Laurence Anyways, the new Canadian film written and directed by Xavier Dolan, stars Melvil Poupaud as Laurence, who confesses to his fiancée (Suzanne Clément) that he feels he is a woman.

Time period? The 1980’s to 90’s. “Our generation can take this; we’re ready for it,” Laurence’s fiancée remarks to her sister, who doesn’t seem so sure.

The Laurence Anyways trailer for U.S. audiences:

Is the three-hour length a problem? Yes, for many—and it comes up a lot in the reviews. But the declaration of Noah Tsika, The Huffington Post, is that sometimes longer is good, or at least okay: “The film’s running time is entirely necessary. You don’t feel it…”

It’s About Love

Dolan tells Tyler Coates in an interview for Flavorwire, “I’ve never thought of it as a story about a trans person. The story does not revolve around LGBT issues or the hardships of sexual transition — it’s always been a love story from the very beginning.”

Tomas Hachard, NPR: “This film is as much a portrait of a loving if dysfunctional couple as it is an examination of identity.”

Laurence’s Admission Regarding Gender Identity

When Laurence announces, early in the movie, her need to transition, Fred says to her (according to Olivia Collette at rogerebert.com): “Everything I love about you is what you hate about yourself.” Laurence asks, “That’s everything you love about me?”

Laurence’s fiancée makes it clear, though, that she does want to make things work. “If you want to take the next step, I’m your man,” Frédérique tells Laurence.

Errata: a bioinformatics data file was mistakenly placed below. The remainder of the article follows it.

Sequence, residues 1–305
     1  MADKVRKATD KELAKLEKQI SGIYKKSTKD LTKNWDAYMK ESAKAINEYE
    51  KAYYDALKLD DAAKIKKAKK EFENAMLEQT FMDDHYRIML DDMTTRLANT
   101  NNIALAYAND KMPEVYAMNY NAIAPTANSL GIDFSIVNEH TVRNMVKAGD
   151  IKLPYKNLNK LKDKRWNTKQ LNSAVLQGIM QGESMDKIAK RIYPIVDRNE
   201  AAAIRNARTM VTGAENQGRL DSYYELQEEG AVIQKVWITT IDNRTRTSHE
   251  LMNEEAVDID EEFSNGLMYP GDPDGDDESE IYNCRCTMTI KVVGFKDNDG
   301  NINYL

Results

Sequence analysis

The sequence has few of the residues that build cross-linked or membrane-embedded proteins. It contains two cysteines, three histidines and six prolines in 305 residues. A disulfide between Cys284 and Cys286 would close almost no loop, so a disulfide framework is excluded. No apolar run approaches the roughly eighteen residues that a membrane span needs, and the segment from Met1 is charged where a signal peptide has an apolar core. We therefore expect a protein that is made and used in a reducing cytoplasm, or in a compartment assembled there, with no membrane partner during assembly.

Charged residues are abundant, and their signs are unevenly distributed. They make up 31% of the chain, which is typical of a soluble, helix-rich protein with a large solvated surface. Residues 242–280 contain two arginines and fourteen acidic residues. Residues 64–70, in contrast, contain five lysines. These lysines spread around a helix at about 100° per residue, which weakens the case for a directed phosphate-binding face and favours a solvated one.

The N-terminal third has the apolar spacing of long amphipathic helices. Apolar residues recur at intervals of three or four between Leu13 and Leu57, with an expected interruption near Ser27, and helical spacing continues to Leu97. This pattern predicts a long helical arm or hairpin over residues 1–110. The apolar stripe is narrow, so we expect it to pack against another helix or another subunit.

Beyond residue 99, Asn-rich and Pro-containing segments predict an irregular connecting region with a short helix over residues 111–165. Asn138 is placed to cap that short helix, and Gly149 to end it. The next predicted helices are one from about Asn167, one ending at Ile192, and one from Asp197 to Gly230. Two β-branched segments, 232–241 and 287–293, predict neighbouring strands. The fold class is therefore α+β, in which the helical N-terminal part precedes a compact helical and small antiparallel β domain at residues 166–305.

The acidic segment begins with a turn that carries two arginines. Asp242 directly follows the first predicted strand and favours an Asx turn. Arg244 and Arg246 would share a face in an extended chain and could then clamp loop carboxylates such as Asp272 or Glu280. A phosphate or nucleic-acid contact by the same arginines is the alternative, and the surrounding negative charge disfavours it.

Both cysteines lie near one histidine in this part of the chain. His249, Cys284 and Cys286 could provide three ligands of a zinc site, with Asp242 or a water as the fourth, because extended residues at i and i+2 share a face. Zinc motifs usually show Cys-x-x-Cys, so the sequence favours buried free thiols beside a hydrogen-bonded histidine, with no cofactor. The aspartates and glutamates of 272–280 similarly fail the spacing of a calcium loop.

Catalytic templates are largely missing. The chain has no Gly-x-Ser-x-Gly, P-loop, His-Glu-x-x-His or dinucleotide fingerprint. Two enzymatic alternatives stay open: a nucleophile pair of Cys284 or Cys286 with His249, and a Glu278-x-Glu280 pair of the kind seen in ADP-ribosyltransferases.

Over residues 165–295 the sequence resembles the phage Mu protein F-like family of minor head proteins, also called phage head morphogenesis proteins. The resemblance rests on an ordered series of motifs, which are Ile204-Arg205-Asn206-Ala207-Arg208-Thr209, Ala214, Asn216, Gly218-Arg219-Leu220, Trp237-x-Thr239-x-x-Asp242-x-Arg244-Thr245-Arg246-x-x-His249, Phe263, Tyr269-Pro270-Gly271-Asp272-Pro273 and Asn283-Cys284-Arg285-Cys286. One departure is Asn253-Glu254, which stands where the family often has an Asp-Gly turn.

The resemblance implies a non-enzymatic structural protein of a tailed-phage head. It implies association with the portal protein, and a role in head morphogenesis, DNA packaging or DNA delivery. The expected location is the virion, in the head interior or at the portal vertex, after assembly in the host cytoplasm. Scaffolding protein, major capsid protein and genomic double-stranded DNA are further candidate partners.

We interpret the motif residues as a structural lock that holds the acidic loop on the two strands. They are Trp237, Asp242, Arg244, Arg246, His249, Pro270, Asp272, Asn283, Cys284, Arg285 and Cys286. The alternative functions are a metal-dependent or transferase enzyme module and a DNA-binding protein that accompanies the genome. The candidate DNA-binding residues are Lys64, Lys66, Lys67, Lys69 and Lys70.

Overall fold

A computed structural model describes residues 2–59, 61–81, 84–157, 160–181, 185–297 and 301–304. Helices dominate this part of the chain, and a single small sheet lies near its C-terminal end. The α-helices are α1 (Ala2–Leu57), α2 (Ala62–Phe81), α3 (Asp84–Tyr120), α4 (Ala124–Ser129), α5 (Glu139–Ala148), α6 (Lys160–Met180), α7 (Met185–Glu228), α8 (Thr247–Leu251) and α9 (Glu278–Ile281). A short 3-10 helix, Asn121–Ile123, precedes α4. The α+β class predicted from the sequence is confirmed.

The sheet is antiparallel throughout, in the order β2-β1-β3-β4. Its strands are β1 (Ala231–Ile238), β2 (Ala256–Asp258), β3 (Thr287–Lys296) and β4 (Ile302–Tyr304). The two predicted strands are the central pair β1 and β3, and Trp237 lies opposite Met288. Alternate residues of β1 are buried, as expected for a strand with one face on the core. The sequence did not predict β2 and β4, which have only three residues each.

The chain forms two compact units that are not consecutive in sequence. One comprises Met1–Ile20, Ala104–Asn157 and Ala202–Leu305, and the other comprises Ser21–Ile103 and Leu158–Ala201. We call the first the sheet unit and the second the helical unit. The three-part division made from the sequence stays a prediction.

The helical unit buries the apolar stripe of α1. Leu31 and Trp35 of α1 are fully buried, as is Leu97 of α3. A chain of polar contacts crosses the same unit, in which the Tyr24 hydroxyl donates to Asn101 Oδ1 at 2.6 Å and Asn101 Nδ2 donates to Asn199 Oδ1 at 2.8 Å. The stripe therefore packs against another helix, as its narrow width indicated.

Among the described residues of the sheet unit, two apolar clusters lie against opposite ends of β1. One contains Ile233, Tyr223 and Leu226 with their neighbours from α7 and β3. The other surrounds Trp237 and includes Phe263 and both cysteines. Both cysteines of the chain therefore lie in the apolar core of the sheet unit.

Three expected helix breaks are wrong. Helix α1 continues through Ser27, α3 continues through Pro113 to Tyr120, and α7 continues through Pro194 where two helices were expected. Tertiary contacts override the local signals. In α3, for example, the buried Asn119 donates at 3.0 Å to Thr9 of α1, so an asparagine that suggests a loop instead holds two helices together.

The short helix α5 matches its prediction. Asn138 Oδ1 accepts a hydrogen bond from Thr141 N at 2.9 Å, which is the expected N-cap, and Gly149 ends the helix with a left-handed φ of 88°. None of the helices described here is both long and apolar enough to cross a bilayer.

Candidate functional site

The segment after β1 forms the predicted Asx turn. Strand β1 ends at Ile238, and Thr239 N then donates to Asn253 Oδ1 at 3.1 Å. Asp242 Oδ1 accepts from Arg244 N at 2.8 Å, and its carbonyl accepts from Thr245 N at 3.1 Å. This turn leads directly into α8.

Other Responses as Laurence Transitions

David Lewis, San Francisco Chronicle: “Laurence’s compelling interactions with his icy mother (Nathalie Baye, wonderful) pack a wallop without resorting to theatrics. Laurence’s first day in class dressed as a woman is an unforgettable exercise in silence.”

Noah Tsika, The Huffington Post, elaborates on Frédérique’s family dynamics:

Throughout the film, Fred must contend with two terrifyingly contemptuous familial forces: her imperious mother, Andrée (Sophia Faucher), and her more disturbingly dismissive sister, Stéfie (played by Dolan stalwart Monia Chokri), whose self-consciously ‘hip,’ semi-punk style is little more than a half-assed affectation, as she demonstrates when expressing disgust over LGBT concerns. Stéfie may support abortion rights, drug abuse, and casual sex, and in so doing seem ‘progressive,’ but she appears to accept the historically specific, pseudoscientific party line on transgenderism: that it’s a ‘mental illness.’

Stephen Dalton, Hollywood Reporter: “…a sumptuously orchestrated love story about a transsexual man’s decade-long struggle to maintain a passionate romance with his female soulmate in the face of creeping hostility from friends, family and society”.

To Sum It All Up

Olivia Colletterogerebert.com: “The film’s biggest strength is dealing with a taboo as if it wasn’t…Despite her ability for great tenderness, Laurence can also be selfish and rude. She’s not an angelic transgender heroine; she’s just exceedingly normal.”

Joe PeelerPaste: ”…(I)f the movie were to grow legs and walk down the street, the reaction would be much the same as that of so many bystanders to Laurence himself, over six feet tall, heels, wig, manly face, flashy dress. Some will gawk, some will avert their eyes, but others still will be unexpectedly smitten.”